DENVER -- Gov. John Hickenlooper signed an executive order Wednesday aimed at addressing the growing orphan well crisis in the state.
An orphan well is generally considered to be an oil and gas site which has been abandoned by an operator. Often times, the location is not properly reclaimed and cleaned, leaving the state with the important responsibility.
The FOX31 Problem Solvers first reported on the growing problem earlier this year with an in-depth investigation.
According to the Problem Solvers report, there are more than 250 known orphaned wells in Colorado and that some officials fear they may be more.
Hickenlooper’s executive order directs abandoned sites to be cleaned up by 2023 and the use of $5 million in new money from the General Assembly.
It also orders state regulators to suggest new laws to better handle the problem.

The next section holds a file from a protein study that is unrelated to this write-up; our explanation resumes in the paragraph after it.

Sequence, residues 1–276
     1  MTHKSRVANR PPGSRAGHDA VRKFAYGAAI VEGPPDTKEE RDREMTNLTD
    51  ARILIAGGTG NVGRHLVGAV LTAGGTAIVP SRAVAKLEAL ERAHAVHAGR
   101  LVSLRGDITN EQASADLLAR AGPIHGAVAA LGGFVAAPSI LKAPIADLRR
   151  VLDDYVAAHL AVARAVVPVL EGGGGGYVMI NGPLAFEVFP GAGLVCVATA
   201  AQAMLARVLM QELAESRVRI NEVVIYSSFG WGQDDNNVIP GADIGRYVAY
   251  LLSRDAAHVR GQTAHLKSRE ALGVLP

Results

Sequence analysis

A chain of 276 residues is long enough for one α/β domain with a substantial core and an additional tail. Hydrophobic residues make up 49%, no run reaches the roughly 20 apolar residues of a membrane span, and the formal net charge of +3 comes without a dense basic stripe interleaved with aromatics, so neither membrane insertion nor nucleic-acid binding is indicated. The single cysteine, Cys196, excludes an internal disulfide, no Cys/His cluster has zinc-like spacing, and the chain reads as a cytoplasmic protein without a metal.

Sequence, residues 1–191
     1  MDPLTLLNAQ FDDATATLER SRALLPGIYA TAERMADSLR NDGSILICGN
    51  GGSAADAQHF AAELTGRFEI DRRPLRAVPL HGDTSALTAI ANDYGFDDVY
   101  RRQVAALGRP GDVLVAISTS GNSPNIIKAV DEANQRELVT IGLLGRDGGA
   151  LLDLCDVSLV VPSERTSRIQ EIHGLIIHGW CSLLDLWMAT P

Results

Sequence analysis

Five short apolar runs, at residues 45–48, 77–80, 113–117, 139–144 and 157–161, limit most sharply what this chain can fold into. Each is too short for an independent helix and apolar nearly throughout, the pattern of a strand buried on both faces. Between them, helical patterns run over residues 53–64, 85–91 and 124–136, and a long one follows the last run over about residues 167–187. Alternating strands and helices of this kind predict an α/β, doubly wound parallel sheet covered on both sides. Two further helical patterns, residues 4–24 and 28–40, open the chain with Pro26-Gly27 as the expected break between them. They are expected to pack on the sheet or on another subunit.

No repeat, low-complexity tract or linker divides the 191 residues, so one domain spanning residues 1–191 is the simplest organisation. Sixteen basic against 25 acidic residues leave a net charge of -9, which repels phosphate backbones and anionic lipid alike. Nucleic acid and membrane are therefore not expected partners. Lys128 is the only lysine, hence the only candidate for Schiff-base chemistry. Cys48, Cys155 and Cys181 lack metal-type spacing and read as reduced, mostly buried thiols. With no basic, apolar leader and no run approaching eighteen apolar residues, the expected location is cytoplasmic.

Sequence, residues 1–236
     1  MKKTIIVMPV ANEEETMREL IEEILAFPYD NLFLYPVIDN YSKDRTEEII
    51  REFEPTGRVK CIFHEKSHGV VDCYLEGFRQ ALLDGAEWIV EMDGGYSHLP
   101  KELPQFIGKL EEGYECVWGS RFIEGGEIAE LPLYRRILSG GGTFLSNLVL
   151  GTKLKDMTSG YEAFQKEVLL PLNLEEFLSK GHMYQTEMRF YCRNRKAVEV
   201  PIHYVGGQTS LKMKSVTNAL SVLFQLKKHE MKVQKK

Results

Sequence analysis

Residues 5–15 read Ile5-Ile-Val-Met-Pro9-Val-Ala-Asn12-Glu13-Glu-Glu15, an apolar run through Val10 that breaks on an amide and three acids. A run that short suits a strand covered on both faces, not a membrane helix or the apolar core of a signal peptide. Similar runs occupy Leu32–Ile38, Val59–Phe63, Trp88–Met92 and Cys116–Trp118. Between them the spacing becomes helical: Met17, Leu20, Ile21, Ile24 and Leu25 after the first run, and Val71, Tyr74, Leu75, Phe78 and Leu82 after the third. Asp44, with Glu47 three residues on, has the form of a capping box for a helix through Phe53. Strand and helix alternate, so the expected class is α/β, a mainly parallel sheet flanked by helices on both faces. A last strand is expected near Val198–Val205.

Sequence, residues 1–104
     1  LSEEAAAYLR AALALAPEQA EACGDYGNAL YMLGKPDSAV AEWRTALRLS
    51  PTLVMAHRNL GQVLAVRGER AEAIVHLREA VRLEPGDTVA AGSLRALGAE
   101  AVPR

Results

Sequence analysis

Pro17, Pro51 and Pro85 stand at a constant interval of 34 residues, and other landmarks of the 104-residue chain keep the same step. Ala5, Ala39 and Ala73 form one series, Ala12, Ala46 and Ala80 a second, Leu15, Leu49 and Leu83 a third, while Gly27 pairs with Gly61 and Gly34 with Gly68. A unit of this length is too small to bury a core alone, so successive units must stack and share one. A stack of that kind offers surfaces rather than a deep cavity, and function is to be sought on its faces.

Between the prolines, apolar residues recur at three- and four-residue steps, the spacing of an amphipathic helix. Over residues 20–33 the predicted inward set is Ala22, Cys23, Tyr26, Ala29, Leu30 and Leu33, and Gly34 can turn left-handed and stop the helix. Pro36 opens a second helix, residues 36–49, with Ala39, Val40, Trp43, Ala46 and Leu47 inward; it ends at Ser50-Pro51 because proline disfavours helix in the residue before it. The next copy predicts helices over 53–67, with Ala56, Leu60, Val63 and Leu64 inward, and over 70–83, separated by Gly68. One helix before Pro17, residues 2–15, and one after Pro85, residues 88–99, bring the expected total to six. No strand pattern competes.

While the 2017 Firestone tragedy that killed two was not caused by an orphan well, Hickenlooper said Wednesday the event prompted the entire state to evaluate potential threats to the public.
“We are going to have zero tolerance,” Hickenlooper said. “We wanted to make sure we addressed all the issues, and again, it was a great motivator,” Hickenlooper said.
Concerned people in the oil and gas industry agreed with the move. However, many emphasized how the order does not increase the bonds operators need to pay to the state to start operating.
The bond amounts are considered low by many standards, encouraging companies to walk away if the fines are high.
“As taxpayers, we shouldn’t be cleaning up what an industry has left behind,” said Beth Ewaskowitz, an Erie resident.
Hickenlooper agreed insurance bonds need to be higher.
VIDEO: Before he signed an orphan well executive order I asked @GovofCO if oil and gas companies need pay more in insurance bonds so that there is more of a penalty for abandoning a site. Hickenlooper suggested they should be higher #coleg #copolitics #kdvr #kwgn pic.twitter.com/cqm4nJSjg4
— Joe St. George (@JoeStGeorge) July 18, 2018